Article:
Núñez said that NASA’s Lunar Surface Innovation Initiative is accelerating the development of many of these dust mitigation technologies that are important for enabling human missions on the surface of the moon.
The reactive nature of lunar dust to humans is another area flagged by APL’s Karl Hibbitts, lead facilitator for the ISRU focus group of the Lunar Surface Innovation Consortium. The lunar dust has been known to be troublesome in this area since the Apollo era. The particles are chemically very reactive, he said, thus the potential health concern (although various passivation techniques to make them less reactive are being explored).
“We have attempted to study the reactivity of lunar soils in the lab,” Hibbitts said, “but the studies I know of have all been on samples already altered by the Earth’s atmosphere. The new studies on carefully curated lunar soils will hopefully shed some new insights.” Furthermore, as far as “simulants” go — concoctions of made-on-Earth material to imitate the properties of the lunar regolith — one has to choose which properties one needs the simulants to mimic. “It’s not possible to create literally tons of lunar soil, or possibly even a small amount. Facilities are just now learning how to make realistic agglutinates,” he added, and yet to be reproduced is the nanophase metallic iron that’s resident in the moon’s regolith.
“We’re getting better at approximating the shape and size distribution function, but the reactivity could only be mimicked by production in a vacuum chamber and will always be limited to tiny quantities,” Hibbitts told SpaceNews.
So far, human contact with tiny, very sharp, glassy lunar dust particles only occurred briefly during the Apollo missions, said Peter Sim, an emergency medicine specialist in Newport News, Virginia. But in returning to the moon and establishing a long-term presence, lunar dust, in sufficient doses, represents a “toxic threat” to human health, he said.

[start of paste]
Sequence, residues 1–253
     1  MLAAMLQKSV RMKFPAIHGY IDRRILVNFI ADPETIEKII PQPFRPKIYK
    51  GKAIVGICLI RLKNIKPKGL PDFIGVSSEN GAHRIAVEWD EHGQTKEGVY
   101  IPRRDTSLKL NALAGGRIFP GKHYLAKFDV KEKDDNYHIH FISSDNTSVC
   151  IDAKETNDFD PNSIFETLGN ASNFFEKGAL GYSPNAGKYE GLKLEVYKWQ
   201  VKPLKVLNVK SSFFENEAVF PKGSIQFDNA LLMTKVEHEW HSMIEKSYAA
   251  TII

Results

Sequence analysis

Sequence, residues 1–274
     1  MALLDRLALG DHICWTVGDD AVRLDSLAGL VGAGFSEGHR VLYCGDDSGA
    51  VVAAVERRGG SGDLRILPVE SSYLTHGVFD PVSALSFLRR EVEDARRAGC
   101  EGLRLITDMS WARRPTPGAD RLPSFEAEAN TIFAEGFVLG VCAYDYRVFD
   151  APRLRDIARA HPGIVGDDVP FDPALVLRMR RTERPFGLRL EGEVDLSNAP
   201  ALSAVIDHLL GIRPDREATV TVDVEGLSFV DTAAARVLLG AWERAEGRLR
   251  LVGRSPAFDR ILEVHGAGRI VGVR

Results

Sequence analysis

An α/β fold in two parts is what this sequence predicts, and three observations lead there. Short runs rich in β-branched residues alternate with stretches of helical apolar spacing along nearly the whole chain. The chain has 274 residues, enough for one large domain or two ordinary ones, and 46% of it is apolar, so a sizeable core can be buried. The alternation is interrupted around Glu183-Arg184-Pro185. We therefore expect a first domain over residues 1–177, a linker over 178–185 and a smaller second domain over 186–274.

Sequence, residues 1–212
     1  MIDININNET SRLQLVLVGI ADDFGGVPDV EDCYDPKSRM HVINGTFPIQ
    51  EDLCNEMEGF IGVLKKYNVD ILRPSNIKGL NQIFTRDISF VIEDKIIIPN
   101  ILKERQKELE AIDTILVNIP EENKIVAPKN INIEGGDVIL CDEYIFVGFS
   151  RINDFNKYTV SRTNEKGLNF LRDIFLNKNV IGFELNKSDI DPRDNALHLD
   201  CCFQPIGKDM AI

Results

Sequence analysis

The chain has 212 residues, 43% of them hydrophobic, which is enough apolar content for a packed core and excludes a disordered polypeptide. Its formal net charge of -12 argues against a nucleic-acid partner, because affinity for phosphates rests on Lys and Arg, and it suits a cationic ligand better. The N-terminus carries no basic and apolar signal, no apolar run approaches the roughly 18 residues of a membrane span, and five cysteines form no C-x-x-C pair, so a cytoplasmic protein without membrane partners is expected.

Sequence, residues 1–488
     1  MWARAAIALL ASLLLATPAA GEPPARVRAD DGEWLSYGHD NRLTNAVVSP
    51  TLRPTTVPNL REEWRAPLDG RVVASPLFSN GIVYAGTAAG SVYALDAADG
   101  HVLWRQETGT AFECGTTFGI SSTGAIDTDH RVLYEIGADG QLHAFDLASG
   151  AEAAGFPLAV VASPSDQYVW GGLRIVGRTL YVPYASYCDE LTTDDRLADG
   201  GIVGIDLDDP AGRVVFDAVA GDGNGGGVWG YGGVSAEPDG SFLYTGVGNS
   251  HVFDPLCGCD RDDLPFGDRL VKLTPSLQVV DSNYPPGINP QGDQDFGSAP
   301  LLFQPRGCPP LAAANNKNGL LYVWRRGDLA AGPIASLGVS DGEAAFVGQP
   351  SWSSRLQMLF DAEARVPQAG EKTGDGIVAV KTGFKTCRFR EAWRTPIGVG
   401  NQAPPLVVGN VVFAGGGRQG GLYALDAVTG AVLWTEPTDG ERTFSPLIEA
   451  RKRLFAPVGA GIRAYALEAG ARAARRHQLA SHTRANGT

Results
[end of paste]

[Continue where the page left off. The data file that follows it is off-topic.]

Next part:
The respiratory system is particularly susceptible, Sim said, but the eyes, skin, and possibly the gastrointestinal tract and other organs may also be affected. Primary prevention of human exposure to lunar dust “should be our number one goal,” he advised.
He added that NASA’s new Exploration Extravehicular Mobility Unit (xEMU) spacesuit will help keep the dust at bay. It has a group of dust-tolerant features, to prevent inhalation, or contamination of the suit’s life support system. Still, keeping habitats dust-free by minimizing incursions, and using effective atmospheric filtration systems, will be a major challenge. “Monitoring of the dust that is present inside lunar habitats will be crucial, since the hab is the place where astronauts are most likely to be exposed. Because of this, the quantity, size, and potential toxicity of the ‘hab dust’ is of paramount importance,” he said.
SpaceNews contributor Leonard David is the author of “Moon Rush: The New Space Race” published by National Geographic in May 2019.
This article originally appeared in the Dec. 14, 2020 issue of SpaceNews magazine.